The single shining, honourable example and the nearest thing we have to a true national democracy - to date - is Switzerland. It is also a splendid example of how Democracy does not necessarily equate with "progressive" or "liberal" values or Political Correctness. Switzerland was one of the last West European states to allow Women the Vote (1971). Why? Because, for many years, the proposal to extend suffrage to Women couldn't attract enough support to force a referendum. and when Parliament put it to the People, in a 1959 referendum on their proposed Constitutional Amendment, it was democratically defeated. It took another 12 years of internal and international pressure before the Swiss bastion of patriarchy finally joined the 20th century and voted to let Women vote.
Of course, this also demonstrates the biggest failing - till Women finally won the Vote - in the Swiss model. It wasn't that they were capable of voting for regressive policies (The Swiss are an innately conservative folk and they've carried on voting conservatively even after their Women were included in the ballot) it was that they had failed to define the "We" in "We the People" widely enough. Hence our argument that "We" consists of all those who believe they understand the question and believe their interests are affected by the outcome. No age limits, no sex limits, no intelligence limits, no property qualifications, no residential requirements. If you understand the question and feel that you will be affected by the outcome, you are entitled to Vote. Period.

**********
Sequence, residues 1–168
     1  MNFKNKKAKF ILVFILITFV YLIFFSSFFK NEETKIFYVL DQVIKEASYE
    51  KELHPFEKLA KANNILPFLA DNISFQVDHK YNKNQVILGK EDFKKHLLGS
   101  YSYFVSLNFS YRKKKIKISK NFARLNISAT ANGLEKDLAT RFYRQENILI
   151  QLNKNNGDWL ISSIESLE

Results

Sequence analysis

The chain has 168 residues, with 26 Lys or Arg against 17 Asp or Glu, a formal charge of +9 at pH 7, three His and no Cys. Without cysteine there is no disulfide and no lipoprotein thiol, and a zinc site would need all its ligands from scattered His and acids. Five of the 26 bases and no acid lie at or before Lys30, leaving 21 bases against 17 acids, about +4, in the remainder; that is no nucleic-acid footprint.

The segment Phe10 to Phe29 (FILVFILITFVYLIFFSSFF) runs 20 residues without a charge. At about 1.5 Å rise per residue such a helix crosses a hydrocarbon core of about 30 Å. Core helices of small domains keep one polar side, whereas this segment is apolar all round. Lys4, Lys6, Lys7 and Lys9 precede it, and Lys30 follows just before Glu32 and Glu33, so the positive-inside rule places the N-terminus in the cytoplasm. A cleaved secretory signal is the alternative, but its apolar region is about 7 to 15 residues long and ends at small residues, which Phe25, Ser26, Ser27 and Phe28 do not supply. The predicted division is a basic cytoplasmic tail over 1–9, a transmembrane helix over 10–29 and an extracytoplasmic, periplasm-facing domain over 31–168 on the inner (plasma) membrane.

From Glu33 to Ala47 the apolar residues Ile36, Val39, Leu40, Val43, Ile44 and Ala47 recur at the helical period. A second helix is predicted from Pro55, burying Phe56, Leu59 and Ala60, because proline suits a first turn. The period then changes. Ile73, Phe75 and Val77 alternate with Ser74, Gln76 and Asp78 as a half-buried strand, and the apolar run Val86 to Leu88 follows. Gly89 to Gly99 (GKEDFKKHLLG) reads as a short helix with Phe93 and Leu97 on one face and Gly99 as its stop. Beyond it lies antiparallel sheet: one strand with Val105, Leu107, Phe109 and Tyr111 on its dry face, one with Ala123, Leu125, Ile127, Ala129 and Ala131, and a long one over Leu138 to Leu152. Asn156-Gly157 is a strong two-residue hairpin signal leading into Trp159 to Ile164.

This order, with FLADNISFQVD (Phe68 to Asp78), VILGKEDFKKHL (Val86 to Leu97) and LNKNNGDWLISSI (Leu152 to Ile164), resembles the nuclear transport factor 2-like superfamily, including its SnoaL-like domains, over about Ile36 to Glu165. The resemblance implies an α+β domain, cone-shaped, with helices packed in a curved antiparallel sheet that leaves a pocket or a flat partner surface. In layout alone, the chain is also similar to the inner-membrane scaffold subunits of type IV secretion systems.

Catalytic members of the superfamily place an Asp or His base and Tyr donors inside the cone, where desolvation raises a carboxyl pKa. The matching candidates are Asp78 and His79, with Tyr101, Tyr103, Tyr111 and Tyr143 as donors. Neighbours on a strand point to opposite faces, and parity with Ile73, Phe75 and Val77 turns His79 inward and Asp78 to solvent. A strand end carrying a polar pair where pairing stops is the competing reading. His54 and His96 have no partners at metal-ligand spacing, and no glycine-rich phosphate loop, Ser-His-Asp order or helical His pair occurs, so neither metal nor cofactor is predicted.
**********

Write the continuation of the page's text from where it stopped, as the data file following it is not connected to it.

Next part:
Meanwhile, for an excellent and well-balanced presentation of the "Direct Democracy" options, with an emphasis on the Swiss example, read this. Though written for a Canadian audience, its relevance is Global. Note, in passing, though, how the author cannot bring himself to confront the obvious truth - that, with the possible exception of Switzerland, none of the other countries, including his own Canada, are democracies. He distinguishes between Swiss style government and standard authoritarian government by describing the former as "Direct Democracy" and the others merely as "Democracies". This is best exemplified by the following extract:
"Only the U.S.A. and the Netherlands, among countries that have been democracies since before 1900, have never held a nation-wide referendum."
To which we can only add, if they've never had a referendum, then they've never been democracies at all.
No, we must add one further comment, which is that, in truth, the situation is even worse. Large parts of the United States do practise an inherently democratic procedure with their "initiatives"(which become "propositions" or referendums ). However, when the Federal Government doesn't like the outcome of these local democratic decisions, it shows not the slightest regard for democracy and does everything in its power to ignore, override or reverse the decision. This is most clearly and recently seen in the Federal reaction to various States local votes in favour of permitting the use of Marijuana for medicinal purposes. The Federal reaction continues to be as brutal and undemocratic as many other dictatorships.